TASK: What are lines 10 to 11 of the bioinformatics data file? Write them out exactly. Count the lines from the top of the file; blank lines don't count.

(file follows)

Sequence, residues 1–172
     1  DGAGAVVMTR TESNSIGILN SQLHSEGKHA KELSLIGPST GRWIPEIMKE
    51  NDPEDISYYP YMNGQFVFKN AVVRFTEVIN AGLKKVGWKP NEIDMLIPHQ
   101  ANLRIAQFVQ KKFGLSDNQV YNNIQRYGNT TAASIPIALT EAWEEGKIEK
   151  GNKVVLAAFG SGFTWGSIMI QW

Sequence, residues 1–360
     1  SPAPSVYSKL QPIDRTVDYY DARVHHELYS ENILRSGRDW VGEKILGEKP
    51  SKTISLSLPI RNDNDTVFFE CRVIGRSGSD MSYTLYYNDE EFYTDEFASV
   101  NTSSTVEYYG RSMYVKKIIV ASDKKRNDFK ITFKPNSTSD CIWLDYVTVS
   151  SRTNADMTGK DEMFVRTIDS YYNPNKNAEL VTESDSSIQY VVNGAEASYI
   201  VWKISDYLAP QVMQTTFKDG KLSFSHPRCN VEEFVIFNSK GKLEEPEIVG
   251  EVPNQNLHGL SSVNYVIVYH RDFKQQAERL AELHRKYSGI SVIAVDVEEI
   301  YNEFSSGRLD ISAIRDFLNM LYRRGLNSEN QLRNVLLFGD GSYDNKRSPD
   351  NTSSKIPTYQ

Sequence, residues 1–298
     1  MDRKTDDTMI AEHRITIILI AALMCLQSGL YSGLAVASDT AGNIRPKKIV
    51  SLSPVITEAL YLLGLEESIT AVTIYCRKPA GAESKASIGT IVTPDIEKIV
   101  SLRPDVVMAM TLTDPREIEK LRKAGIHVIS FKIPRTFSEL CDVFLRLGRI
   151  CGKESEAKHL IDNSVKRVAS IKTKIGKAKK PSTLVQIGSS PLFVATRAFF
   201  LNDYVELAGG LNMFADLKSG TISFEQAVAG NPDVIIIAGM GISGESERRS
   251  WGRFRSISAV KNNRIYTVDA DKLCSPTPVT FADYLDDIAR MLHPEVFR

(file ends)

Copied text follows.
   151  SRTNADMTGK DEMFVRTIDS YYNPNKNAEL VTESDSSIQY VVNGAEASYI
   201  VWKISDYLAP QVMQTTFKDG KLSFSHPRCN VEEFVIFNSK GKLEEPEIVG